Those who choose to supplement calcium separately have two options. They can take either calcium carbonate or calcium citrate. Calcium carbonate must be taken with food, but it contains more calcium. Calcium citrate can be taken on an empty stomach and is easier to digest, which may make it a better option for older consumers with digestive problems. Just make sure not to overdo it because too much calcium supplementation can increase seniors’ risks of developing serious health problems like kidney stones and strokes.


Around one billion people across the globe struggle with vitamin D deficiencies. This is particularly serious because the body requires vitamin D to absorb calcium properly. Vitamin D deficiencies are also associated with an increased risk of osteoporosis, diabetes, asthma, rheumatoid arthritis, depression, and other serious diseases and disorders.

Vitamin D supplementation doesn’t just improve bone health. It also reduces inflammation and can help to decrease seniors’ risks of having heart attacks and strokes. Those with allergies or asthma will also find that maintaining healthy vitamin D levels can reduce their symptoms.

Current medical expertise recommends that adults over the age of 50 should take 600 IU of vitamin D per day. Those over 70 should increase their consumption to 800 IU per day. Before adding new supplements to their regimes, older adults should consider how much vitamin D they are getting from other sources, such as fortified foods, multivitamins, and joint health supplements, which often contain vitamin D along with calcium and other nutrients.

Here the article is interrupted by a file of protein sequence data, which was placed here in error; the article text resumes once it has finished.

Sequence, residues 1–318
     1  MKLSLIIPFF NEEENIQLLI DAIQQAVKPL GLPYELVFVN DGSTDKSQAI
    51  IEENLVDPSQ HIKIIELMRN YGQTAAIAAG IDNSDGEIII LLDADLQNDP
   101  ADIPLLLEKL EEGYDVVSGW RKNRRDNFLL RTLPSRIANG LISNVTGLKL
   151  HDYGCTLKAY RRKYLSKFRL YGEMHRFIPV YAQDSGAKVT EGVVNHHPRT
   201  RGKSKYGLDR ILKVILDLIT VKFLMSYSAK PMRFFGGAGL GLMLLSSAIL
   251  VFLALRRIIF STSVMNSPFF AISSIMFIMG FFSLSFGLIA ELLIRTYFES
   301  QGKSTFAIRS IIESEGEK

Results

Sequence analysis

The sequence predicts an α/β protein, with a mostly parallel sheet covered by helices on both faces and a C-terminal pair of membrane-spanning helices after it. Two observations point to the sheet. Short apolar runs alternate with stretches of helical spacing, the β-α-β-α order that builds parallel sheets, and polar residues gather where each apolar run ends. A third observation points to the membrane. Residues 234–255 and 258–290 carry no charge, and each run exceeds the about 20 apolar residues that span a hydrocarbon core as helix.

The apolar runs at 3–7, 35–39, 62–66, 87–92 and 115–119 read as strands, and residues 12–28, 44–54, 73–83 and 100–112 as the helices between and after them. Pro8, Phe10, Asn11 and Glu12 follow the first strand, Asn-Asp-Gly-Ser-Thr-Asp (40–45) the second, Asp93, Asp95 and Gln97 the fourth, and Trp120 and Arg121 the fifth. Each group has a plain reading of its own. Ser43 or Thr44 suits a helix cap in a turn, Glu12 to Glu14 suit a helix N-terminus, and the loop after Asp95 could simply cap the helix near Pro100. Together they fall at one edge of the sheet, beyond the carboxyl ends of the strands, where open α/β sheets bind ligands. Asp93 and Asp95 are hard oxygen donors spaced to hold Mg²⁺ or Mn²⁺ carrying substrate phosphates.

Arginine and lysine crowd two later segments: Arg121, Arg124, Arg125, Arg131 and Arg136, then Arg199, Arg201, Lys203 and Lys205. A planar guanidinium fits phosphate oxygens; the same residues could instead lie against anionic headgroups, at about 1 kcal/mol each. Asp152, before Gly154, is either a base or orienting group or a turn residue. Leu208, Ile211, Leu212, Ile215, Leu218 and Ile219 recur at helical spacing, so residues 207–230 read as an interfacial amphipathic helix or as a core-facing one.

Eye health is really important for all ages, but it becomes a more pertinent a concern in later life, without doubt. Older adults often suffer from age-related macular degeneration (AMD), a degenerative disease that can eventually cause total blindness. AMD is not reversible, so it’s important that seniors take preventative measures against its development. That should include taking a targeted eye health supplement containing vitamin C, vitamin E, lutein, zeaxanthin, and zinc.

Supplements designed to support ocular health are often marketed as “AREDS” formulas, named after the Age-Related Eye Disease Study sponsored by the National Eye Institute (NEI). However, supplements that have this label are not endorsed by the NEI or the FDA in the States and are not necessarily any more beneficial than other commercially available eye health formulas. The most important thing when looking for an eye health supplement is to find a reputable vendor that offers transparency regarding its formulation and performs third-party testing to ensure quality.

Older adults often suffer from vitamin and mineral deficiencies, and may do so without even realising. This can increase their risks of developing serious age-related diseases like AMD and can also increase the risk of heart attacks, strokes, diabetes, and other issues. 


The best way to stay healthy well into old age is to combine a targeted daily supplement regime with a healthy diet, plenty of exercise, and routine visits to the doctor for testing and screening. Make sure to discuss all supplements with a doctor before starting a new regime, as some of them can create medication interactions or produce other unanticipated side effects, and only purchase supplements from a reputable vendor.